Definition of alleviate
alleviationplay \-ˌlē-vē-ˈā-shən\ noun
alleviatorplay \-ˈlē-vē-ˌā-tər\ noun
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Examples of alleviate in a sentence
For decades, as you probably know, researchers have found that when you tell patients that you're giving them medicine, many report that their symptoms are alleviated, even if they're only taking sugar pills. —Daniel Zwerdling, Gourmet, August 2004
Granholm has spent the morning giving a major public address on state finance issues, courting local officials in meetings, and, in between, talking with me. We'd discussed the state of the Michigan economy and her ideas for developing a new high-tech corridor outside Detroit that focuses on homeland security innovation; we went over her ideas for alleviating overcrowding in the state's emergency rooms. —Jonathan Cohn, New Republic, 14 Oct. 2002
When applied in ointment form, capsaicin helps alleviate the discomfort of arthritis and psoriasis. Taken internally as a diluted tincture, it helps keep the blood flowing smoothly and strengthens the cardiovascular system. —Nina Simonds, Gourmet, September 2002
Ridley, a British journalist with a doctoral degree in zoology, does touch on the incredible potential of genetics for alleviating human misery. … But much of his remarkable book is focused on a higher plane of pure intellectual discovery. —Lee M. Silver, New York Times Book Review, 27 Feb. 2000
Before discussing what must be done to alleviate the environmental and social crises afflicting the globe, Chief Oren Lyons … of the Turtle Clan of the Onondaga Nation, wanted to drive to a gym in Syracuse, New York, and watch his son shadowbox. —Paul Schneider, Audubon, March/April 1994
finding ways to alleviate stress
a car pool alleviates some of the stress of driving the kids to and from school every day
Where was someone to alleviate this robbery of his life? —“The End of the World” P. 531, THE BOOK THIEF, Markus Zusak, Alfred A. Knopf, N.Y. © 2005
The relationship between king and parliament went nowhere. Bitter speeches were made on both sides, which James’s late attempts at mollification did little to alleviate. —“Four” P. 64, GOD’S SECRETARIES, Adam Nicolson, HarperCollins Publishers Inc., 220.5 N54g ©2003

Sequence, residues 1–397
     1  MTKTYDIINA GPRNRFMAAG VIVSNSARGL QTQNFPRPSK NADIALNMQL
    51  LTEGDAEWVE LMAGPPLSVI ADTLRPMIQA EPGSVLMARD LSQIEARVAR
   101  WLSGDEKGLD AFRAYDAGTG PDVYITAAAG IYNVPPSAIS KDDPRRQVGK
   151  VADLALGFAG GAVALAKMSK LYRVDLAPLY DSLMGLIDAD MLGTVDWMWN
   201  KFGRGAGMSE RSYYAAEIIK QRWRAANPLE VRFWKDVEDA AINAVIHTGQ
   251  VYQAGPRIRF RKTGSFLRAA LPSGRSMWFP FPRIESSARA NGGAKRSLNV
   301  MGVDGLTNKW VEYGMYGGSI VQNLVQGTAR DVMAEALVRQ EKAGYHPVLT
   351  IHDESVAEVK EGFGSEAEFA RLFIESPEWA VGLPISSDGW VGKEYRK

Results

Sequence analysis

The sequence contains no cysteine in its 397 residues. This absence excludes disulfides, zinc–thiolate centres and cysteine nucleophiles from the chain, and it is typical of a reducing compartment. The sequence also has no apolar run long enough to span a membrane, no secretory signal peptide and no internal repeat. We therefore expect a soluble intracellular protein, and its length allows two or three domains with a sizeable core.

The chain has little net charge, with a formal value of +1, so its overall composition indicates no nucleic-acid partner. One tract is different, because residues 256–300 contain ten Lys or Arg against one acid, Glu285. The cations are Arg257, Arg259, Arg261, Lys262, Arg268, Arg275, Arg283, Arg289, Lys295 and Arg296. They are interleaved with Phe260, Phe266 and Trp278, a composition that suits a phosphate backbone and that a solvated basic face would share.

“I’m feeding a lot of excitement myself.” In fact, I felt an instant euphoria at Kimmery’s alleviating presence. If this was the prospect of Zen I was ready to begin my training. —“One Mind” P. 194, MOTHERLESS BROOKLYN [fiction], Jonathan Lethem, Vintage Books 813.54 L34m (1999) 2001
Did You Know?
Alleviate derives from the past participle of Late Latin alleviare ("to lighten or relieve"), which in turn was formed by combining the prefix ad- and the adjective "levis," a Latin word meaning "light" or "having little weight." ("Levis" comes from the same ancient word that gave rise to "light" in English.) We acquired "alleviate" in the 15th century, and for the first few centuries the word could mean either "to cause (something) to have less weight" or "to make (something) more tolerable." The literal "make lighter" sense is no longer used, however, so today we have only the "relieve" sense. Incidentally, not only is "alleviate" a synonym of "relieve," it's also a cousin; "relieve" comes from "levare" ("to raise"), which in turn comes from "levis."
Origin and Etymology of alleviate
Late Latin alleviatus, past participle of alleviare, from Latin ad- + levis light — more at light
First Known Use: 15th century
Synonym Discussion of alleviate
ALLEVIATE Defined for English Language Learners
Definition of alleviate for English Language Learners
: to reduce the pain or trouble of (something) : to make (something) less painful, difficult, or severe
ALLEVIATE Defined for Kids
Definition of alleviate for Students
: to make less painful, difficult, or severe A good long rest alleviated her headache.
Seen and Heard
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